What could possibly be elitist about mucking around in your own backyard growing tomatoes and "processing" chickens? Somehow "organic" has come to be equated with "snobby" but it's how the entire human race has survived for millennia! What we have failed to realize is that the artificially low prices we "enjoy" at the supermarket (deflated by government subsidies and monopolies of agribusinesses) are costing us hugely in environmental degradation and health care costs. When Kingslover comments on the novelty of enjoying fresh raspberries in the middle of winter, her host replies, "This is New York! We can get anything we want, any day of the year." Kingsolver insightfully muses (emphasis mine):
So it is, And I don't wish to be ungracious, but we get it at a price. Most of that is not measured in money, but in untallied debts that will be paid by our children in the currency of extinctions, economic unravellings, and global climate change. I do know it's impolite to raise such objections at the dinner table. Seven raspberries are not (I'll try to explain to my grandkids) the end of the world. I ate them and said "Thank you."
Human manners are wildly inconsistent; plenty of people before me have said so. But this one takes the cake: the manner in which we're allowed to steal from future generations, while commanding them not to do that to us, and rolling our eyes at anyone who is tediously PC enough to point this out. The conspicuous consumption of limited resources has yet to be accepted widely as a spiritual error, or even bad manners.
Our culture is not unacquainted with the idea of food as a spiritually loaded commodity. We're just particular about which spiritual arguments we'll accept as valid for declining certain foods. Generally unacceptable reasons: environmental destruction, energy waste, the poisoning of workers. Acceptable: its prohibited by a holy text. Set down a platter of country ham in front of a rabbi, an imam, and a Buddhist monk, and you may have just conjured three different visions of damnation. Guests with high blood pressure may add a fourth. Is it such a stretch, then, to make moral choices about food based on the global consequences of its production and transport? In a country where 5 percent of the world's population glugs down a quarter of all the fuel, also belching out that much of the world's waste and pollution, we've apparently made big choices about consumption. They could be up for review.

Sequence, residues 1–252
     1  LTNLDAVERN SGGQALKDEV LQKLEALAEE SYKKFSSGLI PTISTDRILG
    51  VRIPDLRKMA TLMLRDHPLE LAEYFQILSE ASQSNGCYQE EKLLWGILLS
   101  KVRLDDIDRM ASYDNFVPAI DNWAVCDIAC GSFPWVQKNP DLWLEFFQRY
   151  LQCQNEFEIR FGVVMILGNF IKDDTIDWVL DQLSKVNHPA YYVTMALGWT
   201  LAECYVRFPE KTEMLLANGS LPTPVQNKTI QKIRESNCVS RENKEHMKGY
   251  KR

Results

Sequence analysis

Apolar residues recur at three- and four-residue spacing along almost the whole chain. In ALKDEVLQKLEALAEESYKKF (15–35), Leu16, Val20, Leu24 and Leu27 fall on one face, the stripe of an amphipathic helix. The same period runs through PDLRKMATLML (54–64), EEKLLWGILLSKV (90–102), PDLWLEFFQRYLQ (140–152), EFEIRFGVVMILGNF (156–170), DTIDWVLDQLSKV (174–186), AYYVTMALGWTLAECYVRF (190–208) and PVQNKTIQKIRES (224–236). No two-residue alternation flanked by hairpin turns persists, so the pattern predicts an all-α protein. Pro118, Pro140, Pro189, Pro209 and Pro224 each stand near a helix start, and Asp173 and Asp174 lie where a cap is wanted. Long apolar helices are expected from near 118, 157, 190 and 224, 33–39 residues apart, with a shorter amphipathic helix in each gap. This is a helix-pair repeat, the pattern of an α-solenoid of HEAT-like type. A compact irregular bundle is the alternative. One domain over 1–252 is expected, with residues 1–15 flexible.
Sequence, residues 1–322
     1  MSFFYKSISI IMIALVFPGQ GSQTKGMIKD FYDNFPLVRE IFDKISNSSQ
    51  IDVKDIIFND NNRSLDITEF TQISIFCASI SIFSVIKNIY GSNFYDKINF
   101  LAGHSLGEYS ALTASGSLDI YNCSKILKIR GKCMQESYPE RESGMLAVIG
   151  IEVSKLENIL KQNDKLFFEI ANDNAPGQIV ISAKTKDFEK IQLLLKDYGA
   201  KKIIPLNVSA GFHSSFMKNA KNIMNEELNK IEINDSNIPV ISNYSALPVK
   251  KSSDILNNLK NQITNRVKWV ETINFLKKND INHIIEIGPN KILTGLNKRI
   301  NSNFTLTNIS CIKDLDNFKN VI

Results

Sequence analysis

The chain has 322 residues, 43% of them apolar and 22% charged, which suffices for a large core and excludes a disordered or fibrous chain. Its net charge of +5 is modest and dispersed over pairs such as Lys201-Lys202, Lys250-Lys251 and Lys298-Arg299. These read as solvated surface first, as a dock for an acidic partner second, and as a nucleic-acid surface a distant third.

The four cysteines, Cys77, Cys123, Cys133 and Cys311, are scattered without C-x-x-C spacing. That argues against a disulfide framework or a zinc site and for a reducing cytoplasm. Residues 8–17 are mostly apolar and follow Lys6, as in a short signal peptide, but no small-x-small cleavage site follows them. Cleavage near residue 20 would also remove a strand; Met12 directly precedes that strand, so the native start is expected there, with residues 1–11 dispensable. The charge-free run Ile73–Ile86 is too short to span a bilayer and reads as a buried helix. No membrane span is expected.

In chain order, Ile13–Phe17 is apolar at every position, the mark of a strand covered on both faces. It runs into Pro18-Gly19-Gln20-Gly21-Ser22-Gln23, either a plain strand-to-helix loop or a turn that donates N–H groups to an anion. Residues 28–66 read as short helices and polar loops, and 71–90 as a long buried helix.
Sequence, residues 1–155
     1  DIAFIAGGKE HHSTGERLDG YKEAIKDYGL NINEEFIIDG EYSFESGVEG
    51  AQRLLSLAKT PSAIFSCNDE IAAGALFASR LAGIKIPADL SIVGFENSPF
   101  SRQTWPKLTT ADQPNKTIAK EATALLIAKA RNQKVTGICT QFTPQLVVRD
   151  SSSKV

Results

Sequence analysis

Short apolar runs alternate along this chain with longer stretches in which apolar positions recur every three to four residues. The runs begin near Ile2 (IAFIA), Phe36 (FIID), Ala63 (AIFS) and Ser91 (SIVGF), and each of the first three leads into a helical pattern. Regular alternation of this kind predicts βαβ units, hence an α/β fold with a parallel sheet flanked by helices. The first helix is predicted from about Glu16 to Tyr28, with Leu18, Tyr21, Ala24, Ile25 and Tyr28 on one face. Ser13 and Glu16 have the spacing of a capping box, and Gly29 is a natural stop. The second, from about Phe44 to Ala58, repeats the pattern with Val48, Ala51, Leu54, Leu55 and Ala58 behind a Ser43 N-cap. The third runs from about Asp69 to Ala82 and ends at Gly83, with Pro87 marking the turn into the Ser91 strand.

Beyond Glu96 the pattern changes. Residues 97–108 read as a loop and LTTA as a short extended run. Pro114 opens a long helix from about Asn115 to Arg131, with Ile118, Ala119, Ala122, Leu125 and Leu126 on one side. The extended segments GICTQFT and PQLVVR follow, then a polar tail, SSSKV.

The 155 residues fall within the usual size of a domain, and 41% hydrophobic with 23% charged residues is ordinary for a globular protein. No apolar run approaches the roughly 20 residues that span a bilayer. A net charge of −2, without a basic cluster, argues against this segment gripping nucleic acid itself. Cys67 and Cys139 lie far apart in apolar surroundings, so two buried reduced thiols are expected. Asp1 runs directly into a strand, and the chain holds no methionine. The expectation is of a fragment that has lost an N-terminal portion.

Okay, it's time for me to stop illegally quoting huge portions of the text and go to bed. It's way past my bed time, and I'm losing my ability to be cogent. Did you get the message that I loved that book and that I think it's an important read for anyone who cares about food or the future? It's pretty popular right now, and I guarantee you can pick up a copy at your local library. Here is a delightful review by my friend Byron Borger who owns a bookstore and is a wonderful choice of someone to support other than the conglomerate, Amazon. I'll close with this quote about what we have to lose when choosing local:
Concentrating on local foods means thinking of fruit invariably as the product of an orchard, and a winter squash as the fruit of an early-winter farm. It's a strategy that will keep grocery money in the neighborhood, where it gets recycled into your own school system and local businesses. The green spaces surrounding your town stay green and farmers who live nearby get to grow more food next year, for you. But before any of that, it's a win-win strategy for anyone with taste buds. It begins with rethinking a position that is only superficially about deprivation. Citizens of frosty worlds unite, and think about marching past the off-season fruits: you have nothing to lose but mealy, juiceless, rock-hard and refusing to ripen.
For more information, check out their website which has tons of resources for eating locally, excerpts from the book, responses from readers, and recipes for eating in season.